The leader of Irving ISD is Superintendent Jose Para. He is with us today. Dr. Para, congratulations.
We must not rest – we must not relent – until we replicate success like this across the state. We can be number one in education if we apply the same tenacity and commitment to education as we do to job creation.
I’d like to recognize Representative Will Metcalf from Montgomery County. Congratulations on your election – you are unique among your peers. Rep. Metcalf, you were born in 1984. For your entire life, the State of Texas has been mired in litigation about school funding.
Members, whether this is your first session or you’re Tom Craddick, I think we can all agree it’s time to put school finance litigation behind us. It’s time to stop fighting about school finance and start fixing our schools.
To improve our schools we must begin by building a strong foundation at the very beginning. Our goal should be to ensure all Texas students are performing at grade level in reading and math by the time they finish the 3rd grade.
To begin that process, my budget provides additional funding for schools that adopt high-quality Pre-K programs. My plan also provides Pre-K through 3rd grade teachers with world-class literacy and math teacher training.
I want to thank Senators Judith Zaffirini and Donna Campbell and Representatives Dan Huberty, Helen Giddings and Joe Deshotel for carrying my Pre-K legislation to improve early education.
To begin the process of building a better education system in Texas, we must improve early education. This is why I’m declaring early education as my first emergency item as governor. Our children and their future have no time for delay.
Another essential ingredient to better schools is ensuring we have the best teachers in our classrooms. In part, that means saying no to common core. We can bring out the best in all of our teachers by getting rid of the one-size-fits-all mandates and trusting our teachers to truly educate our students. My budget invests in more STEM teachers and in teachers who serve our most disadvantaged students.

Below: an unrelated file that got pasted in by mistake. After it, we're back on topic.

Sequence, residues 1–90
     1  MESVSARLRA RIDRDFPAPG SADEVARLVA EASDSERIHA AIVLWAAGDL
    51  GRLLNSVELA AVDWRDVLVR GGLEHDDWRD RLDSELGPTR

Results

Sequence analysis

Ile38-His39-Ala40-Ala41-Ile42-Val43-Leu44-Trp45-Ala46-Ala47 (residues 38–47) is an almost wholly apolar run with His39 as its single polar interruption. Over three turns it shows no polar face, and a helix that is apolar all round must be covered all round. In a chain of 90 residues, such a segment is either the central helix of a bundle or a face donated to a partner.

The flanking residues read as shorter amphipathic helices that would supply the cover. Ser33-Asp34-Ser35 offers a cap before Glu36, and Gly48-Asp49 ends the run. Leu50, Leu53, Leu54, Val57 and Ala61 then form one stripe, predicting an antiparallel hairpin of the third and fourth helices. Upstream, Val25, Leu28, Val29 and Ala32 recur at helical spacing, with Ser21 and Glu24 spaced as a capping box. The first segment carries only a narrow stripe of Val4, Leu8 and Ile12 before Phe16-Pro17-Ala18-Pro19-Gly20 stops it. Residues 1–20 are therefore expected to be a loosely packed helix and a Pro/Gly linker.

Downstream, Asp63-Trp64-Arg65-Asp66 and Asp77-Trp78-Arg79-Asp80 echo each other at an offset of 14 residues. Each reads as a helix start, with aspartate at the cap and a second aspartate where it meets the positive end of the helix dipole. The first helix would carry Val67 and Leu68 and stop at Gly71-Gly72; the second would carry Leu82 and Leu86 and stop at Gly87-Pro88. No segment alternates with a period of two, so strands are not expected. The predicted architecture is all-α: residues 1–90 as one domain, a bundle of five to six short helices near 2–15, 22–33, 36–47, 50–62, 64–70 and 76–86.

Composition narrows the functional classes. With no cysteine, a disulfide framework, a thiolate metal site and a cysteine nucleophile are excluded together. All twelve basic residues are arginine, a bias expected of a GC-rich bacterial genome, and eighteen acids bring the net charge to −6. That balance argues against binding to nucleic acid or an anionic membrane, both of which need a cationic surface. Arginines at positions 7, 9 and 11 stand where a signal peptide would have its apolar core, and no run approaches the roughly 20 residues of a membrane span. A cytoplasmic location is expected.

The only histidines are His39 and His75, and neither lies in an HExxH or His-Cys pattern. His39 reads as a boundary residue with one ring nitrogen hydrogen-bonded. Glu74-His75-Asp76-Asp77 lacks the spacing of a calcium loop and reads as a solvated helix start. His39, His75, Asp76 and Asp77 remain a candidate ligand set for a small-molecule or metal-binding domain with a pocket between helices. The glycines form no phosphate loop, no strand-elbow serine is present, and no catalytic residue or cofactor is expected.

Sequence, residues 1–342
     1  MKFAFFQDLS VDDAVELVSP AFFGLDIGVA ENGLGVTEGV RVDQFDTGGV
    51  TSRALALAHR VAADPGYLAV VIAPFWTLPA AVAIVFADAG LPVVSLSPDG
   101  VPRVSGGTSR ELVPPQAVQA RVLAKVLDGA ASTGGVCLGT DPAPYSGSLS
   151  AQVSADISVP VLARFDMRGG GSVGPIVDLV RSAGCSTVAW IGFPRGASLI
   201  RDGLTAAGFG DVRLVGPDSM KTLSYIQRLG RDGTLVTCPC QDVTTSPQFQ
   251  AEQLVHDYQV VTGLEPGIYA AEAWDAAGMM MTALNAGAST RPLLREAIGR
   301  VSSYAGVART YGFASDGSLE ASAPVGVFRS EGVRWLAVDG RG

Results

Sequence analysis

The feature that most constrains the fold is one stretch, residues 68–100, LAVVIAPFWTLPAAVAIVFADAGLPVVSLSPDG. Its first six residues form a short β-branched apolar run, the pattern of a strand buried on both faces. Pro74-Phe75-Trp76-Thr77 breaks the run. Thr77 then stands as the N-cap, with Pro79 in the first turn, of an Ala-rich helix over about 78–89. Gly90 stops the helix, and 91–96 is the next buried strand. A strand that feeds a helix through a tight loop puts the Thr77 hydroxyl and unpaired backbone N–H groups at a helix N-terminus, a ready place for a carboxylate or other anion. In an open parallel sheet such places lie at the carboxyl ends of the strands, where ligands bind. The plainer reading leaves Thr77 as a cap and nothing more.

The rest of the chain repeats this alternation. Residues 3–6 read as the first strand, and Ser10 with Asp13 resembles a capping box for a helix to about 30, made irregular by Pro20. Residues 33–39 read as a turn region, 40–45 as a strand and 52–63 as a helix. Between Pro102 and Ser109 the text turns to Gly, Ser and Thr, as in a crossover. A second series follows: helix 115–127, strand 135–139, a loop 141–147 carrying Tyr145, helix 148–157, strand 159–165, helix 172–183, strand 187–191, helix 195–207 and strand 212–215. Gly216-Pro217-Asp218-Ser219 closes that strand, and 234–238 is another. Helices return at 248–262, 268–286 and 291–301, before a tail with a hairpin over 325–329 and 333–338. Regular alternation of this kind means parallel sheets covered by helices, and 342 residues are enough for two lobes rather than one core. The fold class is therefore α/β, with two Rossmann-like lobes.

We must also return genuine local control to our schools. Last session, you took a big step in that direction. Now, let’s take another step.
This book contains all the education-related laws in Texas. It’s absurd to micromanage educators with all of these laws. Let’s cut it down to size by allowing school districts to opt out of parts of the education code so they can design an education plan that best fits their community needs.
Local control, however, doesn’t end at the school district level. Real local control rests with parents. Parental involvement is critical to student advancement. The ultimate parental involvement is giving parents more choices in their child’s education.
No one said it better than Keisha Riley from Houston. She tearfully pleaded for the opportunity to send her young daughter to a better school. Keisha said: “Having a school in my area that doesn’t fit my needs is frustrating. It makes me feel helpless because I want her to be in a good school and I want her to get a good education so she doesn’t have to struggle like I have.”
As she spoke, her little girl reached up and wiped tears away from her mother’s cheek.
This story forces us to look Keisha in the eye and ask ourselves: Are we working for her and her daughter? Or are we working for the status quo?
The truth is when parents have more options, students win.
For example, Grand Prairie ISD is an open enrollment school district that allows parents to choose the school that’s best for their children, and the results show substantial improvement in student achievement. Grand Prairie ISD’s graduation rates improved dramatically over seven years with 20 percent point gains among Hispanic, African-American and economically disadvantaged students.
Our parents deserve these choices. Our children deserve these results.
We also want to see more of our high school graduates go on to college. To assist that goal, we must make college more affordable and accessible.
We must restrain the spiraling cost of higher education so more Texans can reap the rewards that come from college. Just like with primary and secondary education, higher education doesn’t work in a one-size-fits all approach.
Different students have different needs, and our employers are demanding that we better prepare our students for workforce needs. For many, a two-year degree is far more than a piece of paper. It’s a key that opens the door to economic freedom.